If the life of a Quality Assurance Analyst could be summed up in one song, it might be Limp Bizkit’s Y2K classic “Break Stuff” (to refresh your memory, the very ’complex’ chorus is “give me something to break”… over and over). The song is quite fitting for QA, but here at Pixafy, we’re pushed to look beyond the standard job requirements and to dive deeper into the ways in which we test our products. (more…)
I recently had an opportunity to attend Scrum master training and wanted to share a few valuable concepts that I came across that are especially relevant to team-oriented client-servicing web development. (more…)
Before joining Pixafy my résumé consisted of jobs and internships at various large corporations. After interviewing and agreeing to join a startup like Pixafy, I wondered about how working for a company with 15 employees would differ from my past experiences of working with companies with 10,000 or more employees. I’ve worked in Scrum/Agile Project Management environments in the past; however, at Pixafy I am entrusted with managing large projects whose outcome can greatly affect Pixafy’s long-term sustainability.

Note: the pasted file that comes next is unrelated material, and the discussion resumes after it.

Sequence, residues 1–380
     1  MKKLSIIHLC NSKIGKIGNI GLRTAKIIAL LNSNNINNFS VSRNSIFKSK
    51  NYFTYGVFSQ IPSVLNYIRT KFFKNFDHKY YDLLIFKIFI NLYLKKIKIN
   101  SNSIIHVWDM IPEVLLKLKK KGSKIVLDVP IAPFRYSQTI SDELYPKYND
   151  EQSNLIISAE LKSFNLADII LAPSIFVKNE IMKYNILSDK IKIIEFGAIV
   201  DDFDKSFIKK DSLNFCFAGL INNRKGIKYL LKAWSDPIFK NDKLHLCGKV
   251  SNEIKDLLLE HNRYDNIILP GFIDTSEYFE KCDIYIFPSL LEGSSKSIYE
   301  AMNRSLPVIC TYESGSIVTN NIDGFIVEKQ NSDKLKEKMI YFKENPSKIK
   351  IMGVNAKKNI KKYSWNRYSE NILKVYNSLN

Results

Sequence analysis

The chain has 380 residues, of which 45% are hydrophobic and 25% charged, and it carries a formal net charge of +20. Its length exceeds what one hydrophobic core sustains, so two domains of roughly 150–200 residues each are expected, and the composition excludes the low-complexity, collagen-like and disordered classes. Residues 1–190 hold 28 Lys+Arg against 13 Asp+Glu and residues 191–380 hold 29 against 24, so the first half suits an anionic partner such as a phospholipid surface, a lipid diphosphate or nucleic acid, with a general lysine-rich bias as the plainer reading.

That being said, I am certainly happy that I made the transition from becoming employee #28303 to someone whose ideas and suggestions are not only taken into consideration, but are also encouraged. At Pixafy I have the privilege of working with an extremely talented group of designers and engineers to create websites that are not only easy on the eyes, but are also easy to navigate and maintain. I could not be prouder of the work we produce.
Every day at Pixafy is unique and brings new challenges to meet. Whether it’s keeping up with the ever-changing technology industry or learning how to get the most out of each team member, working at Pixafy certainly keeps you on your toes and has taught me a small company doesn’t necessarily have to have small dreams.
If you are a business owner who is not an expert in web development, finding someone (or an agency) you can trust to build your website is critical. To help with your vetting process, here are eleven questions to ask your would-be developers before making a decision. (more…)